LGBT Asylum News reports that arbitrary arrests of LGBTI citizens and gay activists have been increasing. In the International Gay and Lesbian Human Rights Commission’s (IGLHRC) 2009 Shadow Report, there were reports that in October 2007, Kigali police arbitrarily arrested a member of the LGBTI organization HOCA, for being homosexual, despite the fact that homosexuality is not criminalized in Rwanda. Another member of HOCA  was also arrested by Kigali police and detained for three months on nonexistent charges of homosexuality. His name, address, and picture were broadcast on TV, in newspapers and over the radio. Police arrested individuals for allegedly being homosexual and detained them for between several days to three months without access to counsel or court. In 2007 a radio show host publicly named three gay activists and told his listeners to find and burn gay activists. Such threats to those who support gay rights has resulted in the few LGBTI organizations that do exists having to carry out their activities in private for fear of abuse and harassment. While the amendment for Article 217 of the penal code was rejected, if the amendments for Article 191 were to be approved, the members of such organizations who aim to support the LGBTI community would be at an even higher risk of abuse because they would be considered as ‘encouraging’ or ‘sensitizing’ people to same-sex relations or practice and could face imprisonment of between five and ten years.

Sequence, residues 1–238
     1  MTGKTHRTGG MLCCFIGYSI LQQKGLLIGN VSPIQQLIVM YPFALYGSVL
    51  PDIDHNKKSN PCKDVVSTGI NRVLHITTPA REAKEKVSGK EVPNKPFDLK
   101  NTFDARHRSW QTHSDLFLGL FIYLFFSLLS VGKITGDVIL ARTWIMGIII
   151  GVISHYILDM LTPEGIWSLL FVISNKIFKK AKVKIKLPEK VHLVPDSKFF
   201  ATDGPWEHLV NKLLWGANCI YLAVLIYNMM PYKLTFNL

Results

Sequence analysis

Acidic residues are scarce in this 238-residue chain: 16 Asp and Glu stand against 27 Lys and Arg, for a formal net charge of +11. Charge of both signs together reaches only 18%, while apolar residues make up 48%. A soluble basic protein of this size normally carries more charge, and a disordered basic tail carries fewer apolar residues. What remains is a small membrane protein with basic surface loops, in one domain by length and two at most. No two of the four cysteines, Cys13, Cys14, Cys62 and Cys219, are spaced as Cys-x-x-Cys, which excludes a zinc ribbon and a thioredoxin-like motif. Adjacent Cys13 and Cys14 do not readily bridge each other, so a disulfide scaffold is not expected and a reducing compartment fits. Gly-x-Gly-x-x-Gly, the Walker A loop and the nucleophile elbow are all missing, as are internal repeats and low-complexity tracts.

In 2005, Globalgayz interviewed a 28 year-old homosexual Rwandan man about the situation for the LGBTI community in Rwanda. He reported that there is no freedom of expression for homosexuals in Rwanda and all homosexual activity must be kept underground. The interviewee states that while gay men are able to find sexual partners discreetly, often in return for money from foreigners, there is no evidence of lesbian women being able to have any kind of public relationship. In an attempt to catch men committing homosexual acts, there are ‘gay spies’ who are given money to trap homosexuals. However, there is such a need for money that many of the ‘spies’ use the money to buy things for themselves instead of buying sex from other men.  For while homosexuality is technically legal, he states that all gay men know that they will be persecuted if they were to be open about their sexual orientation and it carries a maximum sentence of life imprisonment.